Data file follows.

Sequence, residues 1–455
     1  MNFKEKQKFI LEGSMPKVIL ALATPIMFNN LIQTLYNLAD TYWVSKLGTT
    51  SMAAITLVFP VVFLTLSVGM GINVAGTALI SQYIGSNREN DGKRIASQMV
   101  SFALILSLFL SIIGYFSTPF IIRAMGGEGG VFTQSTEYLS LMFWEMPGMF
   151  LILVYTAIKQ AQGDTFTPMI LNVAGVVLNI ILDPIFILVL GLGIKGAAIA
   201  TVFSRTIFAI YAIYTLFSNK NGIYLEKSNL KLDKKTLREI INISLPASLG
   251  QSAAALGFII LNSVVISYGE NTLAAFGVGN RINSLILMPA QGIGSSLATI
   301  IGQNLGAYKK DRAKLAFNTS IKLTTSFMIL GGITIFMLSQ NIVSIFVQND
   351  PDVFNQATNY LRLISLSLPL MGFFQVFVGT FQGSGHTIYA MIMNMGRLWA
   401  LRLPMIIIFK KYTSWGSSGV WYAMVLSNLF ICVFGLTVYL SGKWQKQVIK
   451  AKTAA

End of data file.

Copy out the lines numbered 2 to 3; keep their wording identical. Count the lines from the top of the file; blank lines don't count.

     1  MNFKEKQKFI LEGSMPKVIL ALATPIMFNN LIQTLYNLAD TYWVSKLGTT
    51  SMAAITLVFP VVFLTLSVGM GINVAGTALI SQYIGSNREN DGKRIASQMV